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“No greater sin can exist in the estimation of Churchmen than a refusal to pay tithes. Drunkenness does not come near it, nor even whoredom. We question whether murder would be regarded as a less heinous crime.”
The following extract is couched in the same spirit:
‘The history of the Church is a scandalous history. Her mother was a harlot and her father an adulterer. She grew up an ugly and imperious creature. She persecuted the Nonconformists, tortured the philanthropists, robbed her neighbours, hanged the innocent, and threw the heroes of freedom into prison. Her history is more disgraceful than that of any tribe in the South Sea Islands. Her chief articles of faith are robbery, tyranny, persecution, barbarism, and all ghastliness. If she had the power, she would compel all the subjects of Great Britain to lick the dust from her feet, to serve her in chains, and to be her slaves for their lives. The same arrogant and tyrannical spirit characterizes the daughter as it does the mother—the Great Babylon, the mother of the harlots of the earth. She has washed her feet in the blood of Nonconformity! What of her clergy? They are either in their parlours smoking, in the fields shooting hares, preparing for a dance, or in tap-rooms drinking hot spirits. What matters it to them that the poor should starve? Slaveholders have they been through the ages, and they possess the spirit of persecution as strongly now as ever.’”
It is no disgrace to Churchmen that they do not imitate the practices of their adversaries and poison the wells. We do not believe that the Nonconformists of England are proud of these specimens from the pens of their Welsh brethren, or that they regard their scurrility as a credit to their creed. No fairminded man, whatever his religion, can read such productions without contempt, or fail to deplore that in the creed and spirit of these writers the rising generation of Wales, if the Church be temporarily destroyed, is to be educated. It is, in fact, with disgust that the extravagance of the vernacular press is regarded by many moderate Nonconformists in Wales, whose religious earnestness has not been perverted by political passion. The contrasts between the weekly press of which Sir G. Osborne Morgan boasts and the tone of such a periodical as ‘Y Geninen’ reveal the widening gap between the spiritual and secular elements in Welsh Nonconformity—a gap which no religiousminded man, be he Churchman or Nonconformist, can view without misgiving. It is refreshing to turn to the generous testimony which is borne by the Welsh National Quarterly (July 1891) to the work of the Church in Wales. The article from which we quote was written by a Methodist minister and a Cambridge prizeman, the Rev. T. Lewis Jones:—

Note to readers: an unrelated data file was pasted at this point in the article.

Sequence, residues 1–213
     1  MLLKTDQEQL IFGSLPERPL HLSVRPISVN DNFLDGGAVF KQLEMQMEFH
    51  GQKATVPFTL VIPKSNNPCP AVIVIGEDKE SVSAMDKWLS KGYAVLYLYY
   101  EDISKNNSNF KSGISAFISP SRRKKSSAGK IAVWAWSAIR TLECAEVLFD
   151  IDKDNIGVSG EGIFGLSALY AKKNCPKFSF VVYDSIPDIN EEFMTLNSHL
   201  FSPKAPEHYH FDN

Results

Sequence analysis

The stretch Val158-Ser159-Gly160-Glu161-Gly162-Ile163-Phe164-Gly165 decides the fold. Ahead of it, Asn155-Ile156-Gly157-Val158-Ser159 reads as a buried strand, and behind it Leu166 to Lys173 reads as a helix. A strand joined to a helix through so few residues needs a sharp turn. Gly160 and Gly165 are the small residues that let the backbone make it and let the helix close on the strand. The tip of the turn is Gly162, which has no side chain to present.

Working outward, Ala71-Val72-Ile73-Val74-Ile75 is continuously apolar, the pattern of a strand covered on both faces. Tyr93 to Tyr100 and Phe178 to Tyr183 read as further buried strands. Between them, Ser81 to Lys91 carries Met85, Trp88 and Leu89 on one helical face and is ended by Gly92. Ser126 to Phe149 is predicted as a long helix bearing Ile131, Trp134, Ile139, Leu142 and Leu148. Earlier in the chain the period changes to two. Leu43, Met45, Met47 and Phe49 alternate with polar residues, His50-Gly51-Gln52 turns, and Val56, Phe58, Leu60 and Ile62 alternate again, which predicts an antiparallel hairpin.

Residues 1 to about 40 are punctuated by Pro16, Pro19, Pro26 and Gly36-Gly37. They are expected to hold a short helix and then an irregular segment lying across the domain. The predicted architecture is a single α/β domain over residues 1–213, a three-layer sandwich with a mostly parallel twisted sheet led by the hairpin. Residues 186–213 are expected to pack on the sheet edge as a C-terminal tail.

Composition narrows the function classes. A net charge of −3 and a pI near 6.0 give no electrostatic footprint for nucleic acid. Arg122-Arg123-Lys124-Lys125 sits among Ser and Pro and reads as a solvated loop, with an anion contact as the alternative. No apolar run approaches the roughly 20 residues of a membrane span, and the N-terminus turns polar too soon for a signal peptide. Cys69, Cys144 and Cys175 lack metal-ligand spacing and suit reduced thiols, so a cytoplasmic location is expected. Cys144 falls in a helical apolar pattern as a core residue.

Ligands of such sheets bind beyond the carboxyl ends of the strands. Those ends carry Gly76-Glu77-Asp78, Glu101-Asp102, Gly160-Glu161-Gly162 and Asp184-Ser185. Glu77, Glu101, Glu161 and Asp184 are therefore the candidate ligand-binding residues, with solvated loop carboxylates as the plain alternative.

* Quoted by the “Cymru, March 12, 1891, and by the “Baner, March 18, 1891, from the ‘Seren, the organ of the Baptists.
“Every honest Nonconformist will acknowledge that a great reformation has taken place within the Established Church in Wales during recent years, and that the Church, especially in the towns, is gaining ground. The best class of Nonconformists were quite prepared to agree with all that Churchmen say touching the revival that exists among them. I say again it would be dishonest on our part as Nonconformists to attempt to deny the progress that goes on within the Church these days. A new generation of clergy are able to enter into the life of the nation better than their predecessors. They sympathize with the aspirations of Wales in many directions, and strive their best to drink of the spirit of young Wales.’
Let us sum up the results which have been so far attained in discussing the question, whether the Church is the “Church of the minority.” No official figures have been obtained which bear directly upon the question in 1894, and the Nonconformists strenuously refuse to submit to the only ordeal by which the relative numbers can be reliably ascertained. The Census of 1851 gives the proportion of Churchmen to Nonconformists as greater than that of 1 to 4; the election of 1885 gave that of 2 to 3; the election of 1892 gave that of more than 1 to 3. Official figures prove that by far the larger number of persons are married and buried according to the rites of the Church. Discontented with these results, Nonconformists put forward guesses, which vary in their estimates of the number of Churchmen between one-tenth and one-fourth of the total population, and produce amateur censuses which are ridiculously untrustworthy and inadequate.
But, it may be asked, are there no reliable figures by which the relative numbers of Churchmen and Nonconformists can be determined ? We do not think that there are. Statistics do, however, exist of the numbers officially claimed by the great Nonconforming bodies in Wales. They are obtained by the Bishop of St. Asaph from ‘The Congregational Year Book, “The Wesleyan Year Book, ‘The Baptist Official Year Book, “The Calvinistic Methodist Year Book.' It is to be noticed that “adherents’ or ‘hearers’ are defined as including ‘all the Chapel members and everybody who is a hearer, although all are not present at the same time, and all the children.’ The definition, therefore, includes every man, woman, child, or infant who can, by any stretch of imagination, be included as belonging to the denomination. The Wesleyans and Baptists only give the number of their “members’; but the “adherents’ ". t